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Summary: distinctive characters are robust fruiting body, streaked dark gray cap that is paler at center, water-soaked whitish to gray flesh, waxy gray gills, and occurrence near melting snowbanks, other features include moist or slightly viscid striate cap, and moist to dry stem that is white at top or bottom and tinted gray elsewhere; distribution includes WA, OR, ID, AZ, CA, MT, (Bessette(1)), collection from BC at University of British Columbia; also found in Europe including Austria and Switzerland (Hesler)
Cap: 4-7cm across, convex, expanding; whitish disc, gray marginal part; viscid, radially streaked; margin even, (Hesler), 3-10cm across, "at first convex, soon becoming flat and depressed, irregularly humped, with margin expanded, wavy-lobate"; fairly dark gray, sometimes with ochraceous shading, becoming speckled blackish gray when old; initially moist, soon becoming dry, (Lincoff), 2.5-11cm across, broadly convex; light to pale gray-brown over disc, "margin darker brown to blackish gray"; "viscid to waxy subviscid with a sheen", bald, margin sulcate to sulcate-striate when old, (Bessette)
Flesh: watery-pallid and gray-punctate, (Hesler), thick; white, faintly gray beneath cap surface, (Lincoff), conspicuously water-soaked beneath cap surface, "remainder tinted gray with water-soaked sheen", in stem dull white with a sheen, (Bessette)
Gills: adnate to adnexed, distant, broad; gray, unchanging, (Hesler), becoming arcuate-decurrent, interveined, branching; "white tending to turn gray or blackish", (Lincoff), adnate to adnexed, distant, with 2 tiers of subgills, broad; white soon gray to bluish gray, unchanging or darkening slightly when old, (Bessette)
Stem: 5-7cm x 0.8-1.2cm, gray in upper part, pallid in lower part; moist, not viscid, (Hesler), 4-8cm x 1.2-3cm, squat, cylindric, straight or curved, or narrowed at base, solid; "white at top, otherwise silvery gray"; furfuraceous, (Lincoff), 3-10cm x 1-2.5cm, equal or narrowing somewhat toward base; white tinted gray over upper half; dry, at top with a few tufts of fibrils, bald in lower part, (Bessette)
Odor: none (Hesler, Bessette)
Taste: none (Hesler), mild (Bessette)
Microscopic spores: spores 7-8.5 x 4.5-5 microns, elliptic, smooth, inamyloid; basidia mostly 4-spored, a few 2-spored, 48-69 x (6)7-9 microns; pleurocystidia and cheilocystidia absent; gill trama divergent, hyphae 5-9 microns broad; cap cuticle a narrow (60-85 microns) gelatinous zone of repent hyphae, an ixocutis; cap trama of radially disposed hyphae; clamp connections present on cuticular hyphae, (Hesler), spores 7-9.5 x 5.5-6.5 microns, elliptic, smooth, (Lincoff), spores 6.5-8.5 x 4.5-5 microns, elliptic, smooth, inamyloid, thin-walled; basidia 4-spored, occasionally 2-spored, 42-55 x 5.4-8.1 microns, narrowly clavate, colorless; pleurocystidia and cheilocystidia absent, gill tissue divergent, (Bessette)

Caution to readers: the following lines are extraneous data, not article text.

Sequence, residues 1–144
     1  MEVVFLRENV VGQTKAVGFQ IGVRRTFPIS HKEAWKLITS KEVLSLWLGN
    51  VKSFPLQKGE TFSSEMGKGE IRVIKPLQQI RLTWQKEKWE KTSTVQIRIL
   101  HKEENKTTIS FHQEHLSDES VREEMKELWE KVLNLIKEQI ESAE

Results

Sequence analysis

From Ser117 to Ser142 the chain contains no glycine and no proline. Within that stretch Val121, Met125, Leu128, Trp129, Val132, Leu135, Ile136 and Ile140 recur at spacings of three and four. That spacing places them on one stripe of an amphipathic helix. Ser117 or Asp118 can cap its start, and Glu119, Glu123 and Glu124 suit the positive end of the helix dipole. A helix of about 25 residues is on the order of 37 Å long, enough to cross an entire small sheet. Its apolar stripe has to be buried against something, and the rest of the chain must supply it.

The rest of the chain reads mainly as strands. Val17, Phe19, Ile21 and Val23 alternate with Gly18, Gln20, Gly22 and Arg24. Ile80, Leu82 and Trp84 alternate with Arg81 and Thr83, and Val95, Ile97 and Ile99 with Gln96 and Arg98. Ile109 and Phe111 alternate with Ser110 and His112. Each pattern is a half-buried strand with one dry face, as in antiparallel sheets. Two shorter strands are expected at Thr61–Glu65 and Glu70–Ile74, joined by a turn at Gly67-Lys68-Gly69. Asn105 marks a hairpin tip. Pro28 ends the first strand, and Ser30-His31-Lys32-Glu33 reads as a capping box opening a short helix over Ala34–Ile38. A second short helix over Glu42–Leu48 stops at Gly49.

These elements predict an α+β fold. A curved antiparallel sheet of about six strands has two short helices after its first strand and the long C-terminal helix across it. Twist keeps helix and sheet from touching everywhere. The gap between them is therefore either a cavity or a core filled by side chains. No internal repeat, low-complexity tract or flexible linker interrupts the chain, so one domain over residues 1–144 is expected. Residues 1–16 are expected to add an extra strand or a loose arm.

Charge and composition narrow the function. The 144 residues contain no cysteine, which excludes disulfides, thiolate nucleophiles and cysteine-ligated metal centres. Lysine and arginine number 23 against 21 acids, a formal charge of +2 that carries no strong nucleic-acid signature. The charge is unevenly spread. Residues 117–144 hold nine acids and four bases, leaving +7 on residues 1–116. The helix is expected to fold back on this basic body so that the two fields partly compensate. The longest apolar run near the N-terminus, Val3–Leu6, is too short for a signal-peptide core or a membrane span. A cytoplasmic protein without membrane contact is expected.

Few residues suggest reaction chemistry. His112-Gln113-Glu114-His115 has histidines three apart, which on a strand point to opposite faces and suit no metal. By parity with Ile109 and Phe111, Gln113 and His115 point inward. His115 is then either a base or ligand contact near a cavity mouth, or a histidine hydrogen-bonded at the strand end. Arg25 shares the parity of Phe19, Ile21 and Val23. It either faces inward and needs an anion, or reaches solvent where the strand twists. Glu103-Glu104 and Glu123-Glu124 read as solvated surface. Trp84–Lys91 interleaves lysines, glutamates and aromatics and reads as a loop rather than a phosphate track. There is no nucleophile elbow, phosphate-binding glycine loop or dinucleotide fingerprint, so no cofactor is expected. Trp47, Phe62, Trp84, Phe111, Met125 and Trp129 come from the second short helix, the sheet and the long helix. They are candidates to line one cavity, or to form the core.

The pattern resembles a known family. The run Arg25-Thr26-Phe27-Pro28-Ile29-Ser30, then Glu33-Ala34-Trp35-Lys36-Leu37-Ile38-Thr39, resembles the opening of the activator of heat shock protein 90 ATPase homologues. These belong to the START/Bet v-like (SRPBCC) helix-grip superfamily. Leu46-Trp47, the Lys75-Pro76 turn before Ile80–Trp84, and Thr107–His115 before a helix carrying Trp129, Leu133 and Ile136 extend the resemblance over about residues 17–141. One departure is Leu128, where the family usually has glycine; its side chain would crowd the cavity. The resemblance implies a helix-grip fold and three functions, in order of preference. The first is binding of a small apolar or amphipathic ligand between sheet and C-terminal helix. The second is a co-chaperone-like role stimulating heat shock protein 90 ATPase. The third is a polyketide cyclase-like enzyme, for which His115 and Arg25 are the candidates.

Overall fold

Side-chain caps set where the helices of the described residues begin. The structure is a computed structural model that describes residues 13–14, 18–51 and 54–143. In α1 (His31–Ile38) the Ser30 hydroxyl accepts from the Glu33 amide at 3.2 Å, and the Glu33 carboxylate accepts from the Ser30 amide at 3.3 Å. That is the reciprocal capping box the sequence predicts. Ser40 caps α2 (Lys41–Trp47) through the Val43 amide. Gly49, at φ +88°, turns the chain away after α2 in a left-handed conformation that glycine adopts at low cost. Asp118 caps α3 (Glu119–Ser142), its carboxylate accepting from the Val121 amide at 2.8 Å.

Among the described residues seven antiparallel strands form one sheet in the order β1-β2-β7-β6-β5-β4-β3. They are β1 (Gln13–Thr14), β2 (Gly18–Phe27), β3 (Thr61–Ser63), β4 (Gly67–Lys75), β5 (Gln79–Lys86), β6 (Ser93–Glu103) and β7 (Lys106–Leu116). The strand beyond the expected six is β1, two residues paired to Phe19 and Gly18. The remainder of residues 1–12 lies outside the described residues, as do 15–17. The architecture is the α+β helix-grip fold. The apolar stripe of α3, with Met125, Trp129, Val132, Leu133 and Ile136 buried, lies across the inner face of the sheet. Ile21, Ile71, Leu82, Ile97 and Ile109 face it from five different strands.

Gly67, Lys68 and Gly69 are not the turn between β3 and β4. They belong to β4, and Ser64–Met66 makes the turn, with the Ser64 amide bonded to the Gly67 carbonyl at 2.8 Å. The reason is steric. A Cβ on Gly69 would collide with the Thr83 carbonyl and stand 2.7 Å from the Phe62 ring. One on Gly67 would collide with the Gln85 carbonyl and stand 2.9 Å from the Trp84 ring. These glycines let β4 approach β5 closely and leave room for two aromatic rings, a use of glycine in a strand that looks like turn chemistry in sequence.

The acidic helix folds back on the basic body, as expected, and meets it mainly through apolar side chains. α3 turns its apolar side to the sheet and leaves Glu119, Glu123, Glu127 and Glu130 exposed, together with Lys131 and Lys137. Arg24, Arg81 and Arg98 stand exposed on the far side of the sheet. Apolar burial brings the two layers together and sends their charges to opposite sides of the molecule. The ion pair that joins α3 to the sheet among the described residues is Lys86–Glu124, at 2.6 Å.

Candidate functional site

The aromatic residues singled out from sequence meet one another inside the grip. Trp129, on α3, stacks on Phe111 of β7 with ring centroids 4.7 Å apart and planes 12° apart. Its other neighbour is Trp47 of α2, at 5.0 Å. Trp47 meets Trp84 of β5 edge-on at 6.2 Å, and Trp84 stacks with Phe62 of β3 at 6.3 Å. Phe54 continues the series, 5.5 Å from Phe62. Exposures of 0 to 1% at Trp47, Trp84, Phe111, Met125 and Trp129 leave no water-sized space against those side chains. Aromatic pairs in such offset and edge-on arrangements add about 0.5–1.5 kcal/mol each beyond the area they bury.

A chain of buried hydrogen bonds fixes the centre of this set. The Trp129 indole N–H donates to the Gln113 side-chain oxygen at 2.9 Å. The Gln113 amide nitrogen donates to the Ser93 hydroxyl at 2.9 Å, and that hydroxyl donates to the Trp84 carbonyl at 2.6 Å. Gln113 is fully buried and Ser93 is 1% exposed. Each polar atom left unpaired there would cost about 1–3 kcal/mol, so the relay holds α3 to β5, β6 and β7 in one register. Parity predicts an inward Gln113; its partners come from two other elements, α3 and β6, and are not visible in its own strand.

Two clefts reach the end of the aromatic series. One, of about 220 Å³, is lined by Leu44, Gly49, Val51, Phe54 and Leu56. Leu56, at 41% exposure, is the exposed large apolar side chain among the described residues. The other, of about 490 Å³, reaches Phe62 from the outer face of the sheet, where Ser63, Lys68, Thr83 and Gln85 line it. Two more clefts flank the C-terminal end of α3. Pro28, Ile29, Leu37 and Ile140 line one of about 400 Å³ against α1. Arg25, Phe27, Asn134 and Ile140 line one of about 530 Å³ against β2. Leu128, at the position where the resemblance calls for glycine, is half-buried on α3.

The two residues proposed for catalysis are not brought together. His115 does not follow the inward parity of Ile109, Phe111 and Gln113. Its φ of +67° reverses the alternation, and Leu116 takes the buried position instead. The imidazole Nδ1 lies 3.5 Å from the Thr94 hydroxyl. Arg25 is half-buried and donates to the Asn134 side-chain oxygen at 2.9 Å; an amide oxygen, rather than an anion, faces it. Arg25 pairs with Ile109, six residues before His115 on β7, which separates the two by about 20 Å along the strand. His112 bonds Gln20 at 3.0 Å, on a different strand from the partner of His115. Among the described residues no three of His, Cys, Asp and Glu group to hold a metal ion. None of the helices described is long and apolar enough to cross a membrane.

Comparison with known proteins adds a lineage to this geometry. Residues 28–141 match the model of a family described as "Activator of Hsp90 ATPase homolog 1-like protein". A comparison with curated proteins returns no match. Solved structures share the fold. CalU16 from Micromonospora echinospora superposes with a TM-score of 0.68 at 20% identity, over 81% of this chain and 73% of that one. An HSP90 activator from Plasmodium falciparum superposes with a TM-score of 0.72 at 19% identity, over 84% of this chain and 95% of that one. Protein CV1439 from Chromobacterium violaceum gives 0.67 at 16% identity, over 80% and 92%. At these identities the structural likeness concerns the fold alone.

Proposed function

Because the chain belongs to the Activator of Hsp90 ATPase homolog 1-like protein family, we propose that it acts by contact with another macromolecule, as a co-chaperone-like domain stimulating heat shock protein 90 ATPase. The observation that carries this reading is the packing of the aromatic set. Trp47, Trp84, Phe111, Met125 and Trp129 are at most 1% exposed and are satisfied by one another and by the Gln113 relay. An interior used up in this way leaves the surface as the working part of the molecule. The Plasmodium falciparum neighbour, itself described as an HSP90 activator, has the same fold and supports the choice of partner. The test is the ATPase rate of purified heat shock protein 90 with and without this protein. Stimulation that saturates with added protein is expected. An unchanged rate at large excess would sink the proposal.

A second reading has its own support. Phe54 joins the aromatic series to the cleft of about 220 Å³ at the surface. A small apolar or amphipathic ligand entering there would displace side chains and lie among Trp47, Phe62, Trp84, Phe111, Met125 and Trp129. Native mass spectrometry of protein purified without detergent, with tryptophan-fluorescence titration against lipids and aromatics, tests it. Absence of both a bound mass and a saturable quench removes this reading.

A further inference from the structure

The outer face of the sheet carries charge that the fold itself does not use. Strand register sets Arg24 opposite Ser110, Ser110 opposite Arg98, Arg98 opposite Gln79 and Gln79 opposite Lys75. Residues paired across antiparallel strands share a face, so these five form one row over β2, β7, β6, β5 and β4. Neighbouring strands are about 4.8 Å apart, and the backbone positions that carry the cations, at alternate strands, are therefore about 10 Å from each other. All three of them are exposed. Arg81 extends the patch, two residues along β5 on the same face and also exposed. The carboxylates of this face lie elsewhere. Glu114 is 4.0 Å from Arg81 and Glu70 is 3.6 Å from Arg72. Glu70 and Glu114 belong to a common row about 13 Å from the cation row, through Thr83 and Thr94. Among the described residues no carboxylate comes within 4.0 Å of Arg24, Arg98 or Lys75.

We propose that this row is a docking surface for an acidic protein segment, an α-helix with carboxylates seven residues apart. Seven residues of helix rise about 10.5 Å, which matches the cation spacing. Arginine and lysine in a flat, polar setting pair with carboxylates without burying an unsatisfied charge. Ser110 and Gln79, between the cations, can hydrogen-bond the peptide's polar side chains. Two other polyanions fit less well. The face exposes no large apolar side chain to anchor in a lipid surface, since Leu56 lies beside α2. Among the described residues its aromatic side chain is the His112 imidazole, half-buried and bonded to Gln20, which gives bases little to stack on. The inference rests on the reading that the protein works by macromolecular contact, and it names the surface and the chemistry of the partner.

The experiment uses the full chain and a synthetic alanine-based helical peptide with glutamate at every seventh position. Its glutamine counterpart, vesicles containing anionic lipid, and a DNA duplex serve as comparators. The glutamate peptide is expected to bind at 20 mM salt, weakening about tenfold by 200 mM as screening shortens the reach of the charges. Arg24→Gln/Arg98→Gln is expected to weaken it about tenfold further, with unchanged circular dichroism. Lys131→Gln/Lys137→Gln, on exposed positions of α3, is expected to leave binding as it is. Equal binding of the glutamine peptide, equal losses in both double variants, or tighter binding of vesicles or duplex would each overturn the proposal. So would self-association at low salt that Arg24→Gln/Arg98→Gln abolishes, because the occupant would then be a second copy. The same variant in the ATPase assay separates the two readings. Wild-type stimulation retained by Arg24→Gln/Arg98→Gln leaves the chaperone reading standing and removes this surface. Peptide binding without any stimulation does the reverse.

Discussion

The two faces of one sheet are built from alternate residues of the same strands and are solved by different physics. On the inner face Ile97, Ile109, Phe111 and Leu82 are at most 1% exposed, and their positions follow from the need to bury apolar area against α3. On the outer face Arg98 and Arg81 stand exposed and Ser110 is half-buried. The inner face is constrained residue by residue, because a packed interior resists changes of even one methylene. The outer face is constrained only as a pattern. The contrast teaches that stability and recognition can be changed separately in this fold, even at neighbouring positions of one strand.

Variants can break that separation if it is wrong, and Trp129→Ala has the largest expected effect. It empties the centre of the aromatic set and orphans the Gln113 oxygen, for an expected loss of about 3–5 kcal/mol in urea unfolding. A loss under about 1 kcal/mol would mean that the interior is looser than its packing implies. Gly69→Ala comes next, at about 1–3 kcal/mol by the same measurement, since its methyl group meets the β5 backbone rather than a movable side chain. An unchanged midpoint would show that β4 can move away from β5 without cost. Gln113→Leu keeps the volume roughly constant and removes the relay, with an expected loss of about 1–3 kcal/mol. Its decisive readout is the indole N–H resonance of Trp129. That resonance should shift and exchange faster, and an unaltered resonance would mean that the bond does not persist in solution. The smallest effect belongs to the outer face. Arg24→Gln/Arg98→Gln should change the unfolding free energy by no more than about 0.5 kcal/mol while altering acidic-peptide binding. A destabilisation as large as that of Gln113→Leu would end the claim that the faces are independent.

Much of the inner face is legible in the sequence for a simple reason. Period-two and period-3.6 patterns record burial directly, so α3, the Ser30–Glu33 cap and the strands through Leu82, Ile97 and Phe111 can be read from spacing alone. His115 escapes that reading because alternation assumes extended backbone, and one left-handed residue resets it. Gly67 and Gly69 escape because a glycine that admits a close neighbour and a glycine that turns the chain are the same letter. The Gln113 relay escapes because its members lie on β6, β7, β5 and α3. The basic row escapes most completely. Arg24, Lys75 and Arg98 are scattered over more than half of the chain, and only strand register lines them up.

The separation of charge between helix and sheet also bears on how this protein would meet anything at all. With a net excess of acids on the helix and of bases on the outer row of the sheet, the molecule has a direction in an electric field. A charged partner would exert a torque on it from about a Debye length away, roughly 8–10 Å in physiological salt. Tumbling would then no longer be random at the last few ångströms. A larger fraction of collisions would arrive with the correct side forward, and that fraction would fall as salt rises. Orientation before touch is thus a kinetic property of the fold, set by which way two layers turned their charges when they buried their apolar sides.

Spore deposit: white (Lincoff, Bessette)
Habitat / Range
a collection on soil near snow bank, June, (Hesler), gregarious "beneath litter of leaves and moss in coniferous and broadleaf woods", especially in mountain areas, late winter, spring, rarely in late fall, (Lincoff), single to several, sometimes cespitose [in tufts] "under conifers (very often subalpine fir and Engelmann spruce) in needle duff, usually in the wet zone at high elevations, often in melting snowbanks", late May to July, (Bessette), spring, summer
Hygrophorus camarophyllus is darker from the first, and has close to subdistant gills that stay white (may be faintly tinged cinereous), has somewhat longer spores, and fruits in fall, (Hesler), Hygrophorus calophyllus has pale pink gills, (Miller)
Recommended citation: Author, Date. Page title. In Klinkenberg, Brian. (Editor) 2020. E-Flora BC:
Electronic Atlas of the Plants of British Columbia [eflora.bc.ca]. Lab for
Advanced Spatial Analysis, Department of Geography, University of British
Columbia, Vancouver. [Accessed:
2020-07-11 11:24:36 AM
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